The evangelist has jumped from “fig tree” to “messiahship.”  If you look up “fig tree” in a Concordance, you will find that the fig tree is a sign of God’s promises being fulfilled for the well-being of the people, a sign of a new day of rejoicing in freedom and plenty and God saying to the people:  “The fig tree and vine are giving their full yield…and you shall know that I am in the midst of Israel…and my people shall be shamed no more.”    (1Kings 5:5; Micah 4:4; Zechariah 2:15; Joel 2:22)

So, is Jesus saying to Nathanael, “I see you already enjoying the fruits of the new age—the Reign of God will come in our lifetime?”

 

One characteristic of this reign of peace and plenty is that each household shall have its own vine and fig tree.  Everyone is to have a secure hold on the means of livelihood and productivity and subsequent generosity in the shared Supper.  

Think of the story of the Laborers in the Vineyard (Matthew 20), waiting in the village square for some landowner to hire them.  If they had their own vines, they would have been gathering their own fruit.  They had lost their land and production. 

Shepherd Psalm 23

The well-loved Shepherd Psalm 23 is sung from the sheep’s point of view. The shepherd, who is in touch with the needs of the sheep from moment to moment, knows what they need and meets their needs.

The hireling sees the wolf coming and leaves the sheep.  It seems that to care for something properly, the agent needs to bond with it in some felt way.  The good shepherd and the sheep belong to each other.  Creativity arises from such bonding, from a kind of nurturing of the means of production by the agent, and also a respect and gratitude to the means for its contribution to the creative product.     

Human Nature: Creativity and Generosity

That the world should be imbued with godliness is the point of everything.  It is the point of the Holy Thursday Revolution: Turn away from trying to dominate and devote yourselves to creating and nurturing. This will make the world grow; grow in the direction of increasing godliness.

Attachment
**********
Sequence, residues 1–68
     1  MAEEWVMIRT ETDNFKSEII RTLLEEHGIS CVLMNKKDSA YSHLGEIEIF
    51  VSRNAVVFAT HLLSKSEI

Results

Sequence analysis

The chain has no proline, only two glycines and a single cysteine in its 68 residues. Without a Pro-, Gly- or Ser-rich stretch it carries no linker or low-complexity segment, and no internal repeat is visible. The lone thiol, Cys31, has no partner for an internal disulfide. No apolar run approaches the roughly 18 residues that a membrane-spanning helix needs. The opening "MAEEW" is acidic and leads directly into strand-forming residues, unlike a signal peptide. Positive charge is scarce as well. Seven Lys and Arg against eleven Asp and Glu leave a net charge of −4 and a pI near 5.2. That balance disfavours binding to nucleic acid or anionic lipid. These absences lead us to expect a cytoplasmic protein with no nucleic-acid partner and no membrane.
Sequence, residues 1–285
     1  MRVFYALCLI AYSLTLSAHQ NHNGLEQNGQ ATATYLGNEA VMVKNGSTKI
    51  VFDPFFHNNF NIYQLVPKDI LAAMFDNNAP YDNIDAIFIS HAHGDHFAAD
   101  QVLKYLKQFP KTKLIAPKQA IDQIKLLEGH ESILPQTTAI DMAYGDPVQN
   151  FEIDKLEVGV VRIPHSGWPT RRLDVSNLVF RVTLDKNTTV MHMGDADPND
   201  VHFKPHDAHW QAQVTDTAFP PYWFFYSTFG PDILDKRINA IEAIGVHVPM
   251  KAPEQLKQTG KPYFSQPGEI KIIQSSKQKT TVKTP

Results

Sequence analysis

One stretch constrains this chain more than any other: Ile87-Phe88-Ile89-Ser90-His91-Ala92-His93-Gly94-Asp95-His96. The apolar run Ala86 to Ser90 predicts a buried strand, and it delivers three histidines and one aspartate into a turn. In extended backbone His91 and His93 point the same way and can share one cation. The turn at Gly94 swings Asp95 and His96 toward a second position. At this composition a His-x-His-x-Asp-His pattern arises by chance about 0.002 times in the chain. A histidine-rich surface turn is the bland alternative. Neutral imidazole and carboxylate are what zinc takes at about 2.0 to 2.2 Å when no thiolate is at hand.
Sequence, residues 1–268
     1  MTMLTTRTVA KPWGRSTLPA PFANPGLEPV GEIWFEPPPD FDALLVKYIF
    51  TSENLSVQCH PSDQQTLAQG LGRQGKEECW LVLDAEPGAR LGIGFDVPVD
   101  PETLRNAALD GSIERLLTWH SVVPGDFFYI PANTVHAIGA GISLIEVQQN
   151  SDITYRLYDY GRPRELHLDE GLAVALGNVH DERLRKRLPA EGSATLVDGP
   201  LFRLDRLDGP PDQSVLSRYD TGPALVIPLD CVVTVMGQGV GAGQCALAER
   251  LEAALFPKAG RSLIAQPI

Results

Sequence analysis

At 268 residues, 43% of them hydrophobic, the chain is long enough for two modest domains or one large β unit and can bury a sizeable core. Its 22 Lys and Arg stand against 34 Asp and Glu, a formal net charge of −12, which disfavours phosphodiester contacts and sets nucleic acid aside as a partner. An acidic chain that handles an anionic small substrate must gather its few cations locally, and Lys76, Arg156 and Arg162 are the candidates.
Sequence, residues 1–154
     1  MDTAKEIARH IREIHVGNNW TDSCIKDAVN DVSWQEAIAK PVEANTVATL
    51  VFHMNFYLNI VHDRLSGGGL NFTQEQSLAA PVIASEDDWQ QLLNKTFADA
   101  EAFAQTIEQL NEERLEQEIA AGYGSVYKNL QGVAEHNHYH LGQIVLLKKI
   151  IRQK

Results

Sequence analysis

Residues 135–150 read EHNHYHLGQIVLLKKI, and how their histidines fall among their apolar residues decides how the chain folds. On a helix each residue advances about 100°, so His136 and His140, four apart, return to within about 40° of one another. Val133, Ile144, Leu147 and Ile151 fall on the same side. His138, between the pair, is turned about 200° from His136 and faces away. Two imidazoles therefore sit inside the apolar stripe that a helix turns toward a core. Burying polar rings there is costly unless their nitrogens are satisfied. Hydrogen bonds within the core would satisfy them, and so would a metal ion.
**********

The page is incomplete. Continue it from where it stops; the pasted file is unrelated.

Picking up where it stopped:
Such is the meaning of the evangelist’s connection of the fig tree and the Messianic Age.  That age is described by Rabbi Noson Gurary as “the era of universal awareness, perception, and knowledge of God.  In the Messianic Age, the world will finally become what it ought to be ~ a receptacle for the revelation of godliness.” 

We are partners with God

in making a place, indeed a home,

for godliness to be experienced

by all of humanity, all of creation.

The Dalai Lama reminds us “that we have this marvelous gift of human intelligence and a capacity to develop determination and use it in positive ways.”   This human potential gives us an underlying strength to deal with any difficulty without losing hope.  We need to study positive imagery for social healing.  In helping ourselves to gain some desired goal, imagining ourselves already in that position can be strengthening. 

A verse from the Gospel of Matthew (21:22) suggests that when you pray for some intention, you should believe that you already have it, and then it will be done.

Peter Russell, in The Global Brain Awakens, states that we ought to be optimists because our optimism is energizing, just as pessimism is depressing and weakening. The images that a society hold and publicized of its future could be read as a barometer indicating the potential rise or fall of that culture. 

 

Beatrice  Bruteau concludes:

You are children of God.  You have an umbilical connection to the Divine Life, to an inexhaustible source of existence, goodness, novelty and beauty. Draw on it. Nurse from it.

 You can do what needs to be done.  Do not wait for something magical or supernatural to transform the world.

We have to do it ourselves;

it has to come from the inside out.

 Believe in God and believe in yourselves.  Even a little confidence coupled with vision can perform miracles.

 Mustard-seed faith can move mountains.  Understand that the divine energy works by constantly giving itself away.

Tie into this energy with faith,  hope and imagination and nothing will be impossible.

 (Matthew 17:20)